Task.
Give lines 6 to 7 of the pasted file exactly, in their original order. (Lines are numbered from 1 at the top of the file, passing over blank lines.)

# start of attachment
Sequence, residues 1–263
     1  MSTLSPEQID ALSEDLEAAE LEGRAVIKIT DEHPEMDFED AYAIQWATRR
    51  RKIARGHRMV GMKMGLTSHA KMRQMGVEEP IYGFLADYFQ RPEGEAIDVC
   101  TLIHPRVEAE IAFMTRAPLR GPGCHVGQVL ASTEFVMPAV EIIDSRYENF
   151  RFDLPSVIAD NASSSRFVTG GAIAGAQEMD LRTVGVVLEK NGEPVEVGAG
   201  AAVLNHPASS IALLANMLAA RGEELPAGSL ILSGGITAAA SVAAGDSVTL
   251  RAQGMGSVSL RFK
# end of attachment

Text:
   201  AAVLNHPASS IALLANMLAA RGEELPAGSL ILSGGITAAA SVAAGDSVTL
   251  RAQGMGSVSL RFK